Steve Ballmer was first at bat as the Web 2.0 Summit in San Francisco resumed for the second day. His best line, and classic Ballmer, was about how Microsoft's search efforts are going versus Google. "Microsoft [search] is just 3 years old and playing basketball with 12 year olds. It may take until he is 8, 9 or 10 and you are going to dunk, and we will dunk on them. "In other words, the relentless Microsoft will dunk on Google search and ads over time, according to Ballmer speak.
Microsoft will continue to invest in buying technology, products and market share. "We'll buy 20 companies a year consistently for the next five years for anywhere between $50 million and $1 billion bucks," Ballmer said.
Regarding acquiring Yahoo, which would be more than a paltry $1 billion, to gain more traction with advertising and Web share, he said, "We believe in our independent path." He didn't exactly rule out a union but it sounded like the two companies are pursuing their separate paths for now.
Conference co-host John Battelle asked Ballmer about making a substantial investment in Facebook. "We have a great ad partnership. We'll see where it takes us," Ballmer said. As expected both Facebook's CEO Mark Zuckerberg and Ballmer are dodging the question.
On calling Google a "one-trick pony" in the past, Ballmer explained, "When I use the 'one trick pony' I meant in a very specific way. Companies start in one area and fill around core." He mentioned Cisco filling around a networking core, IBM around an enterprise...and Google around search and ads. "We have two things--desktop and enterprise. We are trying to have three or four, with devices and entertainment. We are fairly unique ourselves. Generally it confines you if you are wed to one basic technology approach and business model."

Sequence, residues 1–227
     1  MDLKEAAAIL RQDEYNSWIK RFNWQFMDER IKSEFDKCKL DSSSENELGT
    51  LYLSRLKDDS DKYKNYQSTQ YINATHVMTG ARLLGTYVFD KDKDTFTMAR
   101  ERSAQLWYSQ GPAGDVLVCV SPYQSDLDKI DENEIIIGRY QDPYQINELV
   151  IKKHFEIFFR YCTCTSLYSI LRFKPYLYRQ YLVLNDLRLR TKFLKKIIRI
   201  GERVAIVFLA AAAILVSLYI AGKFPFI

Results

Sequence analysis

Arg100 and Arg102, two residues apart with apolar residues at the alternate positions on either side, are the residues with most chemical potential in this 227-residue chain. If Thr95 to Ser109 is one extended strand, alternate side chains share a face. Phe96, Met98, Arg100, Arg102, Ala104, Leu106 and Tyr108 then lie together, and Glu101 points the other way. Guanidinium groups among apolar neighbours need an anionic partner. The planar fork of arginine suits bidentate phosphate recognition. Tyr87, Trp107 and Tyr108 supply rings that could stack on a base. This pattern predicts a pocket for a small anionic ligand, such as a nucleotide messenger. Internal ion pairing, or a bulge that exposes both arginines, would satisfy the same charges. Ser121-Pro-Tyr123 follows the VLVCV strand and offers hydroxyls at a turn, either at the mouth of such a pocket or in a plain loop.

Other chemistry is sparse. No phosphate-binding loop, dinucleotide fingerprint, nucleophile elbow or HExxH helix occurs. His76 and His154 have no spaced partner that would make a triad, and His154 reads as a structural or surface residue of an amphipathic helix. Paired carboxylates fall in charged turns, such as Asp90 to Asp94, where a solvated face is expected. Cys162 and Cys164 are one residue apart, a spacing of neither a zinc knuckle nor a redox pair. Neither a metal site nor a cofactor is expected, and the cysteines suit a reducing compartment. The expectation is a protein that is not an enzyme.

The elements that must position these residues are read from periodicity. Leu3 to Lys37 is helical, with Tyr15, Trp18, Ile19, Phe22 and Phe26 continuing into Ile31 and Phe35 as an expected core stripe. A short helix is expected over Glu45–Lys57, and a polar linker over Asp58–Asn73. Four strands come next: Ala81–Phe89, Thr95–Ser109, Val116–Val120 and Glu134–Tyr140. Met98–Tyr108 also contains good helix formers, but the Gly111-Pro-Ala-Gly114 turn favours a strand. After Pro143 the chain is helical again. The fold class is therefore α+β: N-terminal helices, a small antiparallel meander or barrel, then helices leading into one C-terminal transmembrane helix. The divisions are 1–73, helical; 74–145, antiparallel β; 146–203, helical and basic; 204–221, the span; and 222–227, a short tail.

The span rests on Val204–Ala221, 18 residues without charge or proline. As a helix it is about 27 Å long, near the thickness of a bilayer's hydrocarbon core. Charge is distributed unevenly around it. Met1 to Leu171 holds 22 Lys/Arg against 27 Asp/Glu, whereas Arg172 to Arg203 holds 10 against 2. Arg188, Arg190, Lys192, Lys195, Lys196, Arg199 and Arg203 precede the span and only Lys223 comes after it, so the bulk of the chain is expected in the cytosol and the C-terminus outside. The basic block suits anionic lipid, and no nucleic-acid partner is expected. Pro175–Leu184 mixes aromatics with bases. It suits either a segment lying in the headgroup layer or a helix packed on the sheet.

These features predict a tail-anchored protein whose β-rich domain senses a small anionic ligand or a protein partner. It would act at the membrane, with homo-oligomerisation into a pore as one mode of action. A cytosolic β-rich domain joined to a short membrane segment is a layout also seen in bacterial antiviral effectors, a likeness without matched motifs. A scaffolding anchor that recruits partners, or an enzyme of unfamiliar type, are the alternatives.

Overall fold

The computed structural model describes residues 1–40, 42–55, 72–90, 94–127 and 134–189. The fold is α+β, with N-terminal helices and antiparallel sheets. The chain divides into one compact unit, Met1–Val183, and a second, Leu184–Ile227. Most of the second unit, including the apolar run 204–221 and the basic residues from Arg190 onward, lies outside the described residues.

What does Ballmer make of Facebook's 100,000 developers? "They have done a really nice job on the developer platform. Any exciting application will have a developer story but that doesn't necessarily replace an operating system. They have their own unique extensibility model and developer community," Ballmer said.
On the topic of Microsoft's Silverlight, a competitor to Adobe's Flash and AIR, Ballmer said, "Web applications will continue to get richer and richer in the kinds of media and logic associated with them. Windows and Mac don't go away. Adobe has done good job on rich media stuff, but it's a long way to go."
On the topic of cloud-based Office suites, Ballmer said, "It's not that my job to do applications of a given computation model, but to deliver productivity," Ballmer said.
He was asked if he thought Google Docs & Spreadsheets was a good product. "If you want to do what most of what our customers want to do with Office, no I don't. But if you want a few people to collaborate on a fairly simple thing, there are some nice collaboration software on the Web." Microsoft recently introduced Office Live for Workspace, which Ballmer said provides richer collaboration for every Office user.
Ballmer addressed the question of how Microsoft would get to a point where 25 percent of its revenue would come from advertising. "We have to do four things very well. You have to do search well. The most valuable ad real estate comes out of search. You will never attract critical mass of advertisers without search," he said. In addition, Microsoft has to be good at community and communications, such as IM and the relationship with Facebook; build a strong advertising platform that addresses all media and devices; and sell ads on behalf of other people, moving into the syndication business as it has with Facebook and Digg.